There is also, naturally, some reportage by an intrepid reporter on how he was serviced at the top new club. In another, rather dubious article, a man brags about his sexual conquests of bored housewives. And the accompanying advertising features male virility cures, pornography, sex shops, dating web-sites that are merely thinly disguised prostitution rings, tattoo parlors, magic charms, escort services, and—the medicine that cures ten thousand ills 万能薬—sake!

Naturally, the magazine includes a section on “Foreigner Crimes” with the usual editorial line that only the yakuza prevent the barbarian hordes from overrunning the empire of the rising sun, an appeal to Japanese xenophobia has been used by the yakuza for years to justify their existence. (The National Police Agency helps propagate this myth be faithfully releasing statistics every year about crimes committed by foreigners that are both misleading and sensationalized.)

Comics also feature heavily. There is a new installment of a long-running comic book series about the life and exploits of the 4th generation Yamaguchi-gumi leader, written by noted yakuza journalist Mizoguchi Atsushi, and drawn by a respected manga artist, and the strip, “Kamikaze Rengo” (The Kamikaze Federation), chronicles the life of a fictional up-and-coming yakuza soldier who has lots of rough sex with multiple partners, in great physical shape, and is constantly shooting or slicing up rival gang members in never ending gang wars.

I digress, but I have yet to see a comic series in these magazines depicting how the yakuza make their money, but there are plenty of scenes of them spending it.  It’s a shame that these are usually in black and white, as I would like to see what a “champagne gold Mercedes” really looks like. (One thing has always baffled me about many yakuza groups who claim to be extreme right-wing, nationalistic, emperor worshiping defenders of traditional values; why do they buy foreign cars? Shouldn’t they be driving Subaru station wagons or something? Okay, a Nissan sports car, even. Where is their national pride?)

Surprisingly, this issue also features an interview with a Yamaguchigumi gang boss, but he remains nameless and there is no photo attached, as that would be a violation of “company” policy.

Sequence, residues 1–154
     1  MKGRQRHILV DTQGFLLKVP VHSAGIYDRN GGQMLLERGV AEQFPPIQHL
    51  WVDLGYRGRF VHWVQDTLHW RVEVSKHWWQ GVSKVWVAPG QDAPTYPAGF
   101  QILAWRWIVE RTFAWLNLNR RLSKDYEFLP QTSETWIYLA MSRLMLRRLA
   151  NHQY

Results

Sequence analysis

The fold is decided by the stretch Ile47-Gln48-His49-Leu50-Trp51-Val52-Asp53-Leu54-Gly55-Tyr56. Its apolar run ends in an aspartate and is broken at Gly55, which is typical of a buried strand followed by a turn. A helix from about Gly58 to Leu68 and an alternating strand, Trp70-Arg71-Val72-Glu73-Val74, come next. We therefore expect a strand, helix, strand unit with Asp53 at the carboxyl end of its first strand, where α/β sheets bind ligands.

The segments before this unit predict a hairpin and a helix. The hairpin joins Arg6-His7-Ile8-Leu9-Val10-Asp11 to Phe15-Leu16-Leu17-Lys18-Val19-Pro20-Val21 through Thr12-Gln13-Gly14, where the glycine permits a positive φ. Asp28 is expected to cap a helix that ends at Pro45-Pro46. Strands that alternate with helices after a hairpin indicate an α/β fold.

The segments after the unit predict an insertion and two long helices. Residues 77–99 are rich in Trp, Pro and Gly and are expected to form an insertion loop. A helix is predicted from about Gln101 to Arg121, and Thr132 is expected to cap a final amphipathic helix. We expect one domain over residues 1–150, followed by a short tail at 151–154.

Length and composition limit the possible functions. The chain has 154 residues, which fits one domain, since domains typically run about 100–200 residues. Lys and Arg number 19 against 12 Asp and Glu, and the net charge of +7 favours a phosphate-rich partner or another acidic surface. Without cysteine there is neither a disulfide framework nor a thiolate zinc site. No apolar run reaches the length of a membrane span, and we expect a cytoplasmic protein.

Despite the enduring popularity of the yakuza fan magazines, public sentiment has begun becoming more critical of the yakuza itself, forcing organizations such as the Yamaguchi-gumi to try and recede even further from the public eye. In response, the fan magazines have been forced to become more aggressive in their news gathering and a bit more realistic about what the yakuza actually are.  Recent issues of the magazines have begun to include detailed news round-ups of actual crimes committed by yakuza members, something that naturally runs counter to the interests of the yakuza themselves.

What’s more the yakuza fan magazines have begun seeing competition from “mooks,” Manga-esque magazine books, which contain a broader mix of text and comic strips than a traditional magazine, as well as comic book novels depicting the rise and fall of famous yakuza of the past and present. There are now more than 100 different editions of such novels, comprising a genre unto itself. Yet, despite increased competition and an economy that has hit magazine advertising hard all over the world, the old guard is still standing. It will still be a long time before we see any of these magazines disappear or go so far as call for any kind of crackdown on organized crime. After all, they’d be putting themselves out of business, and in more ways than one.

Jake Adelstein is the author of Tokyo Vice: An American Reporter on the Police Beat in Japan, published this month by Pantheon. He spent 12 years a reporter for the Yomiuri Shinbun and is an expert on Japanese organized crime, actively involved in combating human trafficking in Japan.

VISIT: Adelstein’s Web site, the Japan Subculture Research Center, for more information.

LISTEN: To an interview with Adelstein about the Yakuza and stock market manipulation from The Economist.